And then Larkin-- I was an old pro by now, so when I found the perfect pink fox for her, I bought two, again. Rotated them evenly, again. She fell in love, as expected. Easy peasy. 

A family of loveys. The Hobbes to each of my Calvins. Sweet, soft "best friends" for each of my kids, from the time they were infants until now, and beyond. Which brings me to this summer. To a string of events that puts my stomach in knots of anxiety if I let myself think too long about it. Indeed, for the last month and a half, I've shut it down whenever the worry rises up in me. I haven't been able to let myself process the worst-case scenario.

See, back in June, while in California, Quinn misplaced his Mercy taggie. The one he loved best of the two.  It happened sometime right before or right after Disneyland, probably in the hotel. Despite Joe's and my very best efforts, in all the places we stayed, to gather alllll the things from alllll the family members and repack again and again..... somehow this beloved taggie fell under the radar. It's probably gone forever. I'm sick about it. Luckily, Quinn's taggie-twin is nearly the same, and after a hard first few days/weeks, Quinn hasn't seemed to fret terribly about this situation. He's not mentioned it in a while now.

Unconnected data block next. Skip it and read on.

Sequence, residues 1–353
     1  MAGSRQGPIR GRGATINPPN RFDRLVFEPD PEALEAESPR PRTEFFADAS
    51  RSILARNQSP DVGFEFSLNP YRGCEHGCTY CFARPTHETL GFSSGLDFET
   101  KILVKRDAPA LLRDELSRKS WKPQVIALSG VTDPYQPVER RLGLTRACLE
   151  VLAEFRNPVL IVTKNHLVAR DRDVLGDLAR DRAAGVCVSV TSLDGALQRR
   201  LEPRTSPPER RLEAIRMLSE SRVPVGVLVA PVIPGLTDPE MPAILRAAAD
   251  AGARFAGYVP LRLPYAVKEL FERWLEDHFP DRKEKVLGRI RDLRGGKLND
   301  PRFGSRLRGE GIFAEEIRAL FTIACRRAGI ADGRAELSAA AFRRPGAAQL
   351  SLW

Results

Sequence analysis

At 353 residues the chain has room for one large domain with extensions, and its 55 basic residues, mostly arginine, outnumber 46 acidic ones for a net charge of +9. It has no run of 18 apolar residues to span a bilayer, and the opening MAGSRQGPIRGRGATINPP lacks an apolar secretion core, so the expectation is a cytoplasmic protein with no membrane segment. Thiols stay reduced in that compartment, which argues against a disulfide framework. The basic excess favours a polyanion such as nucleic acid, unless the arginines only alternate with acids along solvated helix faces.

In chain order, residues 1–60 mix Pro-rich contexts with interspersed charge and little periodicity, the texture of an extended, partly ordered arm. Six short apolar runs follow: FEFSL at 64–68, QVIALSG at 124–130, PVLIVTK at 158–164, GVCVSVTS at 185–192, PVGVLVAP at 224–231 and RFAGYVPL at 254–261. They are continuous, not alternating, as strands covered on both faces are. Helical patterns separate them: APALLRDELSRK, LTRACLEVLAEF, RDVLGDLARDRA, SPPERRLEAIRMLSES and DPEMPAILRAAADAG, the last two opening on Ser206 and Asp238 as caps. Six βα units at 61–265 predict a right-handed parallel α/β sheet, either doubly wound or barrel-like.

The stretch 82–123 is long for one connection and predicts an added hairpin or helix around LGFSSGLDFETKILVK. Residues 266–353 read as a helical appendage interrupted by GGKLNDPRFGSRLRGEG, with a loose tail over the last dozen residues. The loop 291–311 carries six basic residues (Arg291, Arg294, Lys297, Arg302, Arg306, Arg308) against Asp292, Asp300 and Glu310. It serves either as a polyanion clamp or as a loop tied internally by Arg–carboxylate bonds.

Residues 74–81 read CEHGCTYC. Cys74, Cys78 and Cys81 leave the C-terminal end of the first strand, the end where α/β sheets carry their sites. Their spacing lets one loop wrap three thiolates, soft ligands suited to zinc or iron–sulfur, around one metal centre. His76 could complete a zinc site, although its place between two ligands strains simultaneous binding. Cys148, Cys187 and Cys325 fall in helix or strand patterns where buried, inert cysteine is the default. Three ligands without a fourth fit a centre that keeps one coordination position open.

He's going to be okay. And being only six, he's gonna forget that he had one with "Mercy Hospital" stitched on it eventually. Probably. 

So then there's Larkin and her pink Foxy and her other pink Foxy. Somehow, we have lost track of one of them. For SURE this happened back at home in July, likely IN the home. Larkin is fond of putting things in bags and baskets, so right now, I still hold out hope that her second Foxy is just tucked somewhere random, waiting to be found.  I'm mostly not worried. 

Except--- two things. One, I've been  purging the HECK out of this house since we got back from our trip. Bags and bags and BAGS and bags of stuff leaving the home forever. What if she tucked Foxy into one of THOSE bags? What if? 


Noah decided a while back it would be funny to encourage Larkin to throw something of his away in the kitchen trash can. Some Lego thing, I think. I think he didn't think she'd really do it, but she did, and he exclaimed, "What? NO, Larkin!" and laughed and retrieved it.  I was there. No harm, no foul.... except... what if she liked that reaction, and tried it again... maybe with something more important this time? 

Probably ridiculous to get too anxious about..... EXCEPT.... today she asked me where one of her favorite stuffed animals was at.  She said, "Where's Scrappy, Mom?"and I said, "I don't know... where IS Scrappy?" and she casually answered, without prompting, "Scrappy's in the trash."


I asked her again a bit later, and she gave the exact same answer.